E.1. Web Sites
The Web is the salvation of the Mac OS X fan,
considering the information
that dominated Mac OS X's early days. The Internet was the only place where people could find out what the heck was going on with their beloved Macs. Here are the most notable Web sites for learning the finer points of Mac OS X.
E.1.1. Mac OS X
.com. A gold mine of tips, tricks, and hints.
daily dose of reporting about Mac questions, problems, and news.
www.osxfaq.com. Unix tips and techniques, frequently asked questions, and links to useful sites.
www.resexcellence.com. A rich source of information on the underpinnings of Mac OS X, with a focus on
.com and www.macupdate.com. Massive databases that track, and provide links to, all the latest software for Mac OS X.
www.apple.com/developer. Even if you aren't a developer, joining the Developer Connection (Apple's programmers' club) gets you an email newsletter and access to the discussion
, which are a great place for hearing Mac news first ”all for free. (Pay $500 a year to be come a Select member, and you get CDs mailed to you containing upcoming versions of Mac OS X.)
www.macobserver.com. A good source for news and
about the Mac and
.com. The discussion boards are an ideal place to find solutions for problems. When a bug pops up, the posts here are a great place to start.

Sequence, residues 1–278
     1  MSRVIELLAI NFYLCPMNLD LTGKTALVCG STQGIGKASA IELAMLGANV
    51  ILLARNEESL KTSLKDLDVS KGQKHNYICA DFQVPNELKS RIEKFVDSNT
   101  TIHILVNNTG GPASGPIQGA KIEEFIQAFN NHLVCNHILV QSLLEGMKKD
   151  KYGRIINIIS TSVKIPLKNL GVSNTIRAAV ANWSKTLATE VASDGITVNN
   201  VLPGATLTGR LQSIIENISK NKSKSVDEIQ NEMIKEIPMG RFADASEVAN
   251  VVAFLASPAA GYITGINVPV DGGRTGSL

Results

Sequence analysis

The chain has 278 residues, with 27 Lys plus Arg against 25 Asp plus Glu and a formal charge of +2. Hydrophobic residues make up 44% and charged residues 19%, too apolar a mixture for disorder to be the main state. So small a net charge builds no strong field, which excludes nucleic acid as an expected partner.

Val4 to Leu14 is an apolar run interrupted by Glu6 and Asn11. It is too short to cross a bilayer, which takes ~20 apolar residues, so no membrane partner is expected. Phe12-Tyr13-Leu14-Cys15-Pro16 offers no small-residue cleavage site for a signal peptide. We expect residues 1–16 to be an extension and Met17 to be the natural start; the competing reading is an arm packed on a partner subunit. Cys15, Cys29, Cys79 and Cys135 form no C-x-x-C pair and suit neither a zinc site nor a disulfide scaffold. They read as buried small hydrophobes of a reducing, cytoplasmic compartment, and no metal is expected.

www.macaddict.com. Another great location for discussion boards.
.com. The ultimate Mac troubleshooting Web site, complete with a hotbed of Mac OS X discussion.
www.macdevcenter.com. O'Reilly's own Mac site. Full of tutorials, news, and interesting
www.geekculture.com. A hilarious
site, dedicated to lampooning our tech
”especially Apple tech. Perhaps best known for the David Pogue's Head icon for Mac OS X (http://geekculture.com/download/davidpogue.html).
Or perhaps not.
E.1.2. Mac OS X “Style Unix Lessons and Reference
www.westwind.com/reference/OS-X/commandline. A command reference of
, and all the other commands you can use in Terminal or the console.
, free Web-based course in Unix for
unix for beginners
into a search page like Google.com
dozens of superb help, tutorial, and reference Web sites. If possible, stick to those that feature the
shell; that way, everything you learn online should be
to navigating Mac OS X via Terminal